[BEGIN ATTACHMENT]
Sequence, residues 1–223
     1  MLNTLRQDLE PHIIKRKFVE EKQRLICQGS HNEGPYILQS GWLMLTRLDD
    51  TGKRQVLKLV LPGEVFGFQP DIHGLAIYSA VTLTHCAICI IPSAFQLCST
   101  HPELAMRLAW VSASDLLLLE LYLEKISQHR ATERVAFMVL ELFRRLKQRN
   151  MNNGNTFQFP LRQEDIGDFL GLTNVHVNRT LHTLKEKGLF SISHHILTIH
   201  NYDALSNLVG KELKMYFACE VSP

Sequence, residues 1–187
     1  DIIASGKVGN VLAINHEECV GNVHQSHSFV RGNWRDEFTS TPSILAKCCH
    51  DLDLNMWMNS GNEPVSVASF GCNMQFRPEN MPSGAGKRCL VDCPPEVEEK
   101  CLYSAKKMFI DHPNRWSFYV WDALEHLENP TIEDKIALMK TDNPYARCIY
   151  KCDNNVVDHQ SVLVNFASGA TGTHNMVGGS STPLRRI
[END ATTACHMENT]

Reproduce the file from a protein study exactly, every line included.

Sequence, residues 1–223
     1  MLNTLRQDLE PHIIKRKFVE EKQRLICQGS HNEGPYILQS GWLMLTRLDD
    51  TGKRQVLKLV LPGEVFGFQP DIHGLAIYSA VTLTHCAICI IPSAFQLCST
   101  HPELAMRLAW VSASDLLLLE LYLEKISQHR ATERVAFMVL ELFRRLKQRN
   151  MNNGNTFQFP LRQEDIGDFL GLTNVHVNRT LHTLKEKGLF SISHHILTIH
   201  NYDALSNLVG KELKMYFACE VSP

Sequence, residues 1–187
     1  DIIASGKVGN VLAINHEECV GNVHQSHSFV RGNWRDEFTS TPSILAKCCH
    51  DLDLNMWMNS GNEPVSVASF GCNMQFRPEN MPSGAGKRCL VDCPPEVEEK
   101  CLYSAKKMFI DHPNRWSFYV WDALEHLENP TIEDKIALMK TDNPYARCIY
   151  KCDNNVVDHQ SVLVNFASGA TGTHNMVGGS STPLRRI